Later on when it got hectic and our DK died? Not a problem. Rather than completely loose a resource and have a player feel useless, I asked him to watch out for falling bombs and tell me where they were.

So there we go, folks. I say that healers are fragile and inclined to risk: there is a lot resting on us in a raid. Add leading on top of that and it can be a recipe for disaster. But I say organising information ‘feeds’ to and from your team will put you in control of the situation and your raid one step closer to settling scores in Icecrown.

What do you think? Do you agree with my analysis of healers’ potential towards fragility and danger or do you prefer safe-rather-than-sorry? Would you have made any of those decisions differently to me? Do you know which types of information you need more of, or are you still working it out?

This is a post by Mimetir, a druid of a raidleader on The Venture Co. (EU). You can find my twitter feed here.

[VIDEO] Healing Valithria Dreamwalker

My first foray into video editing! I managed to compile the footage and stitch together some audio as well. There are enough boss strategy videos out there that explain what the overall raid needs to be doing on different encounters. My focus here was to target the individual who was healing. I’m not the perfect, top-tier Priest so you’ll catch a glimpse of several misplays throughout the video that I’ve made. All the while, I’ll be narrating the things I’m doing and why I did them. Therefore, it is assumed that viewers know the mechanics of the encounter.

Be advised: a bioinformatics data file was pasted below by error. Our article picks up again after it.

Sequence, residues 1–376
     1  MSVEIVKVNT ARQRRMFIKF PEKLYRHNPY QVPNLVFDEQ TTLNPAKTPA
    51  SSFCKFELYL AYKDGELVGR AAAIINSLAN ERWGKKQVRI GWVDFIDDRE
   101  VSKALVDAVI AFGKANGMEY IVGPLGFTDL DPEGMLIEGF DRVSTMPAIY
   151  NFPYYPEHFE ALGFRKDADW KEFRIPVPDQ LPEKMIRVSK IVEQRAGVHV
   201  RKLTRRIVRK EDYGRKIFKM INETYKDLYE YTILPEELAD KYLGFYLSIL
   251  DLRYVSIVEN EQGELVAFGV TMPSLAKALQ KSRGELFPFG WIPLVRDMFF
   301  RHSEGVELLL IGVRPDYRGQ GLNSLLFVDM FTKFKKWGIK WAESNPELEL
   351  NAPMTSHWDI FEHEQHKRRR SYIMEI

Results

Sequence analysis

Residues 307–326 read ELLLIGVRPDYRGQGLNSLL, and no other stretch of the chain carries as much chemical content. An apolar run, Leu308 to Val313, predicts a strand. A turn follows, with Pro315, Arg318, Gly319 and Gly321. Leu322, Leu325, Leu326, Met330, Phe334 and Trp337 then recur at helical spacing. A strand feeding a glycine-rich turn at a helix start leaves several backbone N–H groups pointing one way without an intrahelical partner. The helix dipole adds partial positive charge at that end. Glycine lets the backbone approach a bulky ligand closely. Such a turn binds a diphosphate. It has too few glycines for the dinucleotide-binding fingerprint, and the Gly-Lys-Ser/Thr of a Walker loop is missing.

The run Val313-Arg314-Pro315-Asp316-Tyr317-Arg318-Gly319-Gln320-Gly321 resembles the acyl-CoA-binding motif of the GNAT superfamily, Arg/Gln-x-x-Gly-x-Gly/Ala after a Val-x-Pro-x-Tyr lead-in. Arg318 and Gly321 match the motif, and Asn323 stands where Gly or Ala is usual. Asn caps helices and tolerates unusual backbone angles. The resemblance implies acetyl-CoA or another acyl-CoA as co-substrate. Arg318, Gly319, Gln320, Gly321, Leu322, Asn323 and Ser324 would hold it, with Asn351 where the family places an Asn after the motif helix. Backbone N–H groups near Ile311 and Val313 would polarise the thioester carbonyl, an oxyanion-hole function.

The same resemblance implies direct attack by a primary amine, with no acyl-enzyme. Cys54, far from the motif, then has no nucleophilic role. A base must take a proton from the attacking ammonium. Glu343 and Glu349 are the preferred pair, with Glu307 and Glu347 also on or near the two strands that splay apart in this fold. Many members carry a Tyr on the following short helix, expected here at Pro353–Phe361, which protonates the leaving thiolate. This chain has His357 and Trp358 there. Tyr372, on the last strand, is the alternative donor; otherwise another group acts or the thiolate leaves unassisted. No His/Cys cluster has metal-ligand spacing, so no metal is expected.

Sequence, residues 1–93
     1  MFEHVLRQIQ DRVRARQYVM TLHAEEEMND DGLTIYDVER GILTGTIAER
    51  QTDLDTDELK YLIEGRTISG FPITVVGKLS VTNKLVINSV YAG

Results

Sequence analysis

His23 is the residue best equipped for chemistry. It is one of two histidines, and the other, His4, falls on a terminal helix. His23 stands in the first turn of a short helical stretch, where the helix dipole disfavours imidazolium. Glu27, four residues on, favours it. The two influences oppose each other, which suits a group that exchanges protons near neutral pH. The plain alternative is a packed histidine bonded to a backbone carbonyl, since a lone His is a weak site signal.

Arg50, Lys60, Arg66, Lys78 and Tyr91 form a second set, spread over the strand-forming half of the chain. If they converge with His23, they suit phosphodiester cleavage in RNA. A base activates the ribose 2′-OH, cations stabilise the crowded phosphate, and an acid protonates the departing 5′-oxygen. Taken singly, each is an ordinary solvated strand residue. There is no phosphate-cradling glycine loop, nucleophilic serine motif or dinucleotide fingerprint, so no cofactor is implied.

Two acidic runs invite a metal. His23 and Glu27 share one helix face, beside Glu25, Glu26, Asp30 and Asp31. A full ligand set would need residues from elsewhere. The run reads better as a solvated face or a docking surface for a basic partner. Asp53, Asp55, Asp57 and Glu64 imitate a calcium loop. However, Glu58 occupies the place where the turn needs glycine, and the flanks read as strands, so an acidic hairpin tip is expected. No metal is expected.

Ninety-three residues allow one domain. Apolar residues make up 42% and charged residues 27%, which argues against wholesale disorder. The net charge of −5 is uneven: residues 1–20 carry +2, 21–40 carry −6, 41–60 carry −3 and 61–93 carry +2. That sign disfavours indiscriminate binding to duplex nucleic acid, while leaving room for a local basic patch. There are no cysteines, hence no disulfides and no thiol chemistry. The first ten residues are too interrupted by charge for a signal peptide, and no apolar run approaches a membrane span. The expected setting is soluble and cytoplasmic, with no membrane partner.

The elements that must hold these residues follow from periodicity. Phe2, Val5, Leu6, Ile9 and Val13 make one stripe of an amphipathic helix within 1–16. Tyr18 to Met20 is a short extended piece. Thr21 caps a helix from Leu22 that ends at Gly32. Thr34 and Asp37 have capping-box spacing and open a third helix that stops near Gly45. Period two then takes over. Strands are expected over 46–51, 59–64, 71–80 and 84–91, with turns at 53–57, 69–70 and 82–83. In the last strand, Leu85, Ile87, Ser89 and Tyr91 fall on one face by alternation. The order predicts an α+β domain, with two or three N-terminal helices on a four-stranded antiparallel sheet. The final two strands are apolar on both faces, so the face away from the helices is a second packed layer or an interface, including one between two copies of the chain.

You can tell by listening to the first several seconds that I’m extremely nervous and it took a few retakes when I was recording before I managed to calm my nerves.

The narrations will sound different periodically because I was experimenting with different amplification levels and microphone distances. Initially, I started writing down what I wanted to say at different points and then just recording it into Adobe Audition before importing them back into Movie Maker. About halfway through, I just gave up and recorded the rest of it in one shot on the fly without any serious scripting at all. We used to play a game in drama class that involved doing a bit of improv so I figured I could wing the rest of it. It’s the same thing during any sort of in-class skits, right? Get the rough outline and improvise the rest of it on the fly.